“I no longer have confidence in the chairman of Telenor's board of directors,” Trade and Industry Minister Monica Mæland said. “I have now received new information about the matter” which should have been revealed earlier, she said without disclosing any details.
The Norwegian state is Telenor's main shareholder, with a 54-percent stake.
The largest telephone operator in the Nordic region, Telenor has been rocked by allegations of corruption in Uzbekistan involving the Russian group VimpelCom, in which it owns 33 percent alongside Russian billionaire Mikhail Fridman who owns 56.2 percent through the fund LetterOne.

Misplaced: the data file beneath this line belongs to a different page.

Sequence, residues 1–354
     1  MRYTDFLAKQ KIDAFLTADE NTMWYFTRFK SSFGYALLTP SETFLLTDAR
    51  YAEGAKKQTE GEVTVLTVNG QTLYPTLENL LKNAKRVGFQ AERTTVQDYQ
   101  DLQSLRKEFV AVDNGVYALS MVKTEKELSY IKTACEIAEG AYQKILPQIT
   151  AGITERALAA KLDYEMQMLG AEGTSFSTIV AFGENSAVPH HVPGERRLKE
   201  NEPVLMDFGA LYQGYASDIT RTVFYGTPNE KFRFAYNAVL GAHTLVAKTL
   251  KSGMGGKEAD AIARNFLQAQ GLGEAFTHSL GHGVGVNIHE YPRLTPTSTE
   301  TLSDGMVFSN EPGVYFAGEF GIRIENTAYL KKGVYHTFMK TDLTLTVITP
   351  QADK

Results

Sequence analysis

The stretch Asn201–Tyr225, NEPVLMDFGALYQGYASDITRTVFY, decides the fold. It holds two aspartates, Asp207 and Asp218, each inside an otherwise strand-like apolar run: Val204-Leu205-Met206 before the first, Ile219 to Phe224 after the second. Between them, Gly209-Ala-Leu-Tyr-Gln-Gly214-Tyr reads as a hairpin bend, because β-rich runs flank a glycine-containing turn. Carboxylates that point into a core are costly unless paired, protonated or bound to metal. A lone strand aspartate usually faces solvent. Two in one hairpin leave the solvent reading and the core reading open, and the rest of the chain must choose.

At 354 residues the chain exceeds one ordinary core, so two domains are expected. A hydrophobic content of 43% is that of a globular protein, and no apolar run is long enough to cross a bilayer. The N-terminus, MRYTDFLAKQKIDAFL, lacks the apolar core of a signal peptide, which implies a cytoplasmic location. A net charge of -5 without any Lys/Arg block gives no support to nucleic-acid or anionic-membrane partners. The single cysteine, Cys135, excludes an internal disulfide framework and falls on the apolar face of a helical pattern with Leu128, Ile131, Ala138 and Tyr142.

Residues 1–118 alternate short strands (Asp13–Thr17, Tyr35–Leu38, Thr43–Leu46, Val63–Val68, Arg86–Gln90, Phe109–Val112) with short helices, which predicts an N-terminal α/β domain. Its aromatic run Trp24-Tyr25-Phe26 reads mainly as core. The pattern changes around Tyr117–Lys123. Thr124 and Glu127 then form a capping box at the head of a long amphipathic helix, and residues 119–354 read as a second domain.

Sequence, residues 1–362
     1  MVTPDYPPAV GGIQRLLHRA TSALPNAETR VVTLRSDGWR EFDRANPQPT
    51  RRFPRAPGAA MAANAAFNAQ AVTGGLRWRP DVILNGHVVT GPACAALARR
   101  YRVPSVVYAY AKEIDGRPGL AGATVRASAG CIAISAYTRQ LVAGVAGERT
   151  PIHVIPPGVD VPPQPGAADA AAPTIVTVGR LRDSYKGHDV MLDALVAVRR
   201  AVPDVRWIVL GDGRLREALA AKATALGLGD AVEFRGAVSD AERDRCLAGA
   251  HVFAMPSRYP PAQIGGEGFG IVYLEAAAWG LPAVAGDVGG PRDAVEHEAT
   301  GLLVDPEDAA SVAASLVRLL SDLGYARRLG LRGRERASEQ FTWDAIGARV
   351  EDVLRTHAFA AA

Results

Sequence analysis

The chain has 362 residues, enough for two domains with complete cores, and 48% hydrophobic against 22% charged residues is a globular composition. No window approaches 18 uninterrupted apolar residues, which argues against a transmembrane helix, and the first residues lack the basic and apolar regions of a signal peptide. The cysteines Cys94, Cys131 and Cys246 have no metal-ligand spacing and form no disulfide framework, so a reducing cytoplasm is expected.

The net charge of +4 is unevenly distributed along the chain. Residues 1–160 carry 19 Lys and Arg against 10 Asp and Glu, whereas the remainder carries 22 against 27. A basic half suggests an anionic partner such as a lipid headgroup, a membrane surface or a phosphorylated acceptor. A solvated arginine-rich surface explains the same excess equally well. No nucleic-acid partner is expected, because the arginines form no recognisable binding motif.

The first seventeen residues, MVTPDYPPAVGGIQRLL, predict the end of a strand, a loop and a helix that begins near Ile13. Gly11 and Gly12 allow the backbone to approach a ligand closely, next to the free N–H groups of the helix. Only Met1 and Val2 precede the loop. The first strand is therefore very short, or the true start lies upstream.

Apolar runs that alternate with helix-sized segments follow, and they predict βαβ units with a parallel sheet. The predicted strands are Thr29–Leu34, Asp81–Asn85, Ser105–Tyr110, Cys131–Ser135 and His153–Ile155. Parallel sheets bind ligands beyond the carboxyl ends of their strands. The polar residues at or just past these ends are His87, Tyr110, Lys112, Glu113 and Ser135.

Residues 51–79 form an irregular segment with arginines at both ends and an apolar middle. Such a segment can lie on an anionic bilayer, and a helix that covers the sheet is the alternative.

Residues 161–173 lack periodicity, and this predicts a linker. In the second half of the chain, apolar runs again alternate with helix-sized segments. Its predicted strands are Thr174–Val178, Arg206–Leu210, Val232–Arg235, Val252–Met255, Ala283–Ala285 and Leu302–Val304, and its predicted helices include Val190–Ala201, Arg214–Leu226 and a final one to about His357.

VimpelCom is being investigated in the United States and the Netherlands for alleged kickbacks paid to a company linked to the daughter of the Uzbek president, in exchange for licenses in the country in the 2000s.Telenor has denied any wrongdoing.
In early October, the group announced it was putting its stake in VimpelCom up for sale.
In a separate statement, Aaser said he and Mæland had “different views on the handling of the VimpelCom issue.”